There is a mark to the left of the "P" where there should not be a mark that could relate to the "2" in "23".


I'm confident that that is just noise and is a coincidence. If that line really were part of the "2," one would have to ask, why didn't Nagell clean up the part of the stamping that was the easiest to clean up? (The "2" is in a big, open area.) And yet he cleaned up quite thoroughly all the difficult areas?

 

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On 9/17/2017 at 4:51 AM, Sandy Larsen said:
Quote

There is a mark to the left of the "P" where there should not be a mark that could relate to the "2" in "23".


I'm confident that that is just noise and is a coincidence. If that line really were part of the "2," one would have to ask, why didn't Nagell clean up the part of the stamping that was the easiest to clean up? (The "2" is in a big, open area.) And yet he cleaned up quite thoroughly all the difficult areas?


I have taken a closer look and have changed my mind about this. I do now believe that Nagell's copy of Oswald's ID card did originally include the "postmark" stamps and that somebody -- presumably Nagell -- tried to erase them. There are enough pieces  of the stamps remaining on Nagell's copy IMO that this scenario is a near certainty. (See this post for details.)

I am therefore updating the following possibilities:
 

On 9/17/2017 at 4:51 AM, Sandy Larsen said:

In summary, here are the two possibilities:

  1. Richard Case Nagell got a copy of Oswald's military ID card directly from Oswald; or
  2. Nagell made a photocopy of the card shown in Bonner's book for the purpose of convincing people he had known Oswald personally. After which he spent a enormous amount time trying to make the card look different.


To these three possibilities:

  1. Richard Case Nagell got a copy of Oswald's military ID card directly from Oswald; or
  2. A a third party gave a copy of Oswald's ID card to Nagell prior to the assassination; or
  3. Nagell made a photocopy of the card shown in Bonner's book for the purpose of convincing people he had known Oswald personally. After which he spent a a good amount time trying to make the card look different.

For cases #1 and #2, it is unknown who erased the "postmark" stamps.

The big difference is that it is conceivable that Nagell and Oswald were not together when Nagell received the stamp.

 

Edited by Sandy Larsen
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So therefore, the "proof" I posted above does not hold. Unfortunately.

There is only this: There was only one way Nagell could have possibly gotten a  copy of Oswald's ID card after the assassination, and that is by making a photocopy of the photo of the card that was in the 1969 book Investigation of a Homicide by Judy Bonner. After which he spent a good deal of time erasing the "postmark" stamps Oswald apparently used to cover up the old Russian stamp on the photo. And then he covered it up instead by drawing a suit coat over that area.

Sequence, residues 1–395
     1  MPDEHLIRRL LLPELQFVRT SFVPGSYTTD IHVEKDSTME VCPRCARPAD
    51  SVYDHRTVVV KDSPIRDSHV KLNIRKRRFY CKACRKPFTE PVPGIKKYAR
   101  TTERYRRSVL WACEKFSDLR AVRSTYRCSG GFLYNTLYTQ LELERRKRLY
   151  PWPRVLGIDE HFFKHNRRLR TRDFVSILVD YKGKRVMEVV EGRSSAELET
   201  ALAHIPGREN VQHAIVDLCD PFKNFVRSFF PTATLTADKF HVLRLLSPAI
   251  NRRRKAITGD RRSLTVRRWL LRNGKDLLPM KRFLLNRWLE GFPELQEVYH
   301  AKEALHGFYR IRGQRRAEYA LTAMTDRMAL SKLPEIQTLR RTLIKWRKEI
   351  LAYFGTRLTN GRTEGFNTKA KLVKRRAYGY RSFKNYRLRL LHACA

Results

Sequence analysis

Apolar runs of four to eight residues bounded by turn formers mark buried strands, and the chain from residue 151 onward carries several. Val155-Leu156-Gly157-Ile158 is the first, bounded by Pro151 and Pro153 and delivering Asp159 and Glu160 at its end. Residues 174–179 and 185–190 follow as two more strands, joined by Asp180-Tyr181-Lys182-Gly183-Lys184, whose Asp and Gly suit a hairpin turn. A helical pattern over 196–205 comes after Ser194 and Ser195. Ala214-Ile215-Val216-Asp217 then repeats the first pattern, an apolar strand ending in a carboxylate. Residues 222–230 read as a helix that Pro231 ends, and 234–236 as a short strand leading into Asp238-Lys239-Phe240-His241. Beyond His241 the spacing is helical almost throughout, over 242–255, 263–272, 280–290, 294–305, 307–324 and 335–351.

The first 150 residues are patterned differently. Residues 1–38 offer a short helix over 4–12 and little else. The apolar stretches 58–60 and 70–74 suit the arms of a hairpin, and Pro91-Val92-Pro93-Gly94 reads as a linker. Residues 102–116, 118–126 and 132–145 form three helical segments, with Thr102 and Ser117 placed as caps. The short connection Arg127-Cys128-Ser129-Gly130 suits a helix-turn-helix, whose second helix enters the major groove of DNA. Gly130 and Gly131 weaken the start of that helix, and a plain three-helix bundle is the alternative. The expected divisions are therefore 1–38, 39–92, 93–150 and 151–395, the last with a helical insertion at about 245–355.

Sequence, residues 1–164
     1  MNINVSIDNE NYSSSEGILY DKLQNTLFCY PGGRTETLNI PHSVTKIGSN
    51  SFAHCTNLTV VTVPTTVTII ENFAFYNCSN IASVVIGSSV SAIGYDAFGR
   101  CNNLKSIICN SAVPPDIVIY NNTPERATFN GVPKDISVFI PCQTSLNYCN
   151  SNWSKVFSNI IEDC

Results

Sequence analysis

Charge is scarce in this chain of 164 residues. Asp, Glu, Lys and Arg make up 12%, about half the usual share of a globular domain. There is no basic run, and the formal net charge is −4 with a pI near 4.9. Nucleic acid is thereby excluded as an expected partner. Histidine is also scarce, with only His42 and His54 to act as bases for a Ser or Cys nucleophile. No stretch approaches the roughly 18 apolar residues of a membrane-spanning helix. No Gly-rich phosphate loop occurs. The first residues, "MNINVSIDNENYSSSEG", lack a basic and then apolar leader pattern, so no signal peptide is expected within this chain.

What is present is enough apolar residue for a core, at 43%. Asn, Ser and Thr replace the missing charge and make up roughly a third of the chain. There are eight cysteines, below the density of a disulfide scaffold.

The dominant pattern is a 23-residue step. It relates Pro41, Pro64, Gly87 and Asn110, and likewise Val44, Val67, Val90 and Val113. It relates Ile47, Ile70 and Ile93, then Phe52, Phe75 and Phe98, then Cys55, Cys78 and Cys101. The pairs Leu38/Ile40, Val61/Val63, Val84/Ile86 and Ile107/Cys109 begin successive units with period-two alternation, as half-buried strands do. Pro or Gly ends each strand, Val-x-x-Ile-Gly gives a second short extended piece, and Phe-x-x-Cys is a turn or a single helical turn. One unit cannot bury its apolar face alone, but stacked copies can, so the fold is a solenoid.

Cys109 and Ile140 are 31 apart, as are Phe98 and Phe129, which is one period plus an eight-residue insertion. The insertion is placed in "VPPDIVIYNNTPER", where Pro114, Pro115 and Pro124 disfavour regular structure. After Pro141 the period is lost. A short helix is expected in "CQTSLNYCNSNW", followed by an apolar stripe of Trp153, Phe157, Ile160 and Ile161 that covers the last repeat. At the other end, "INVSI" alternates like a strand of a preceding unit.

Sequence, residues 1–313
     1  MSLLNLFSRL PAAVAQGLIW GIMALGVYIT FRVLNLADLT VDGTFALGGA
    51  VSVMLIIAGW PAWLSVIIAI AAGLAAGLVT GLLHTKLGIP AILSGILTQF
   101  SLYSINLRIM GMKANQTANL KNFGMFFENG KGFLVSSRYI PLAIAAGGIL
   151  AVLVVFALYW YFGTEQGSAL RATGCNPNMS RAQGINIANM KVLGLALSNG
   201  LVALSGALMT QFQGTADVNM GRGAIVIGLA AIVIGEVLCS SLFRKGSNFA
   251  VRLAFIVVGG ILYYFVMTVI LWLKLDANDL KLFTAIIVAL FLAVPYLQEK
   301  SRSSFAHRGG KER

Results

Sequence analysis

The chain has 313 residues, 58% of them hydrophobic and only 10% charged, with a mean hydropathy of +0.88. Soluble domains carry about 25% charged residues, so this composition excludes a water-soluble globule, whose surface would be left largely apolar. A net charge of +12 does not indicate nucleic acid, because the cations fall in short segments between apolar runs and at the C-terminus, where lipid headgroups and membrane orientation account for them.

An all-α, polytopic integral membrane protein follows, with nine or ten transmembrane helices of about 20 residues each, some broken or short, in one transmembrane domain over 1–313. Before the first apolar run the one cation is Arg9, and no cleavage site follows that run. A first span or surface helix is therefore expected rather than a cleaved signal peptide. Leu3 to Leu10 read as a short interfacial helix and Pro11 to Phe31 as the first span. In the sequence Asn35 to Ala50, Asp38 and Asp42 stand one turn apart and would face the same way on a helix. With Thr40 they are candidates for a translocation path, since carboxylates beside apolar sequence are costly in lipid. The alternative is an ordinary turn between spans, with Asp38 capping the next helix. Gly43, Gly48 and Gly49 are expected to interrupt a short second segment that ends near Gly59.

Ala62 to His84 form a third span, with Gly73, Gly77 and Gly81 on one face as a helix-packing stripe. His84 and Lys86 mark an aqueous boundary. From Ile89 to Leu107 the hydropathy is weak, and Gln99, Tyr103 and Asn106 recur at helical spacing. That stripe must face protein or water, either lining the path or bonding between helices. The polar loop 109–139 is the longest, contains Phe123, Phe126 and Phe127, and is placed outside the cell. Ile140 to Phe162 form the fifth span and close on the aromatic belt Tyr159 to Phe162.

If Nagell copied the ID card for the purpose of making people think he had been with Oswald, why would he then have altered the card?

BTW, FWIW, Investigation of a Homicide by Judy Bonner is not critical of the Warren Commission. It is just a chronicle of a Dallas police officer's experience with the investigation. It seems unlikely that Nagell would have sought out this book.

 

Edited by Sandy Larsen
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I remember from my childhood, maybe around 1965 (but this could have predated 1963), that there were xerography machines that produced page copies - such as from a book or a legal document - in negative.  Meaning that in the copy, white space was dark, and print and dark space in pictures were white.  I many times got adults at our small-town library to make such copies for me.  Does anyone remember this type of xerography?  Could it have affected Nagell's copy of Oswald's ID?

Edited by David Andrews
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20 hours ago, David Andrews said:

I remember from my childhood, maybe around 1965 (but this could have predated 1963), that there were xerography machines that produced page copies - such as from a book or a legal document - in negative.  Meaning that in the copy, white space was dark, and print and dark space in pictures were white.  I many times got adults at our small-town library to make such copies for me.  Does anyone remember this type of xerography?  Could it have affected Nagell's copy of Oswald's ID?


Well, if true, that might explain how Nagell got rid of the "postmark" stamp on his copy. The stamp marks would be white, and they could easily have been erased (made dark) using a fine-tipped pencil.

But I have a feeling you're thinking of mimeograph stencils. Mimeography could only make copies of something being typed, written, or drawn with the special mimeograph paper in place.

A Photostat machine would first make a negative, from which the final copy was made. But I don't know why you would have asked adults to get the negatives for you. Still, Nagell could have used such a negative to erase the "postmark" stamp.

 

Edited by Sandy Larsen
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The Nagell story is bunk and a fairy tale:

http://mcadams.posc.mu.edu/nagell2.htm

I liken it to others who came out of the woodwork to claim their own slice of fame like Bev Oliver and Judy Baker.

Read State Secret.  Do you really truly believe that if they'd planned this carefully that they'd have a live wire like Nagell running around to ruin the whole thing? Of course not.

That card is NOT proof that he was in the know Sandy. He probably copied it and manipulated it and then presented it.  Nothing more.

And Tom Hume - sorry, but your secret agent codes are also silly.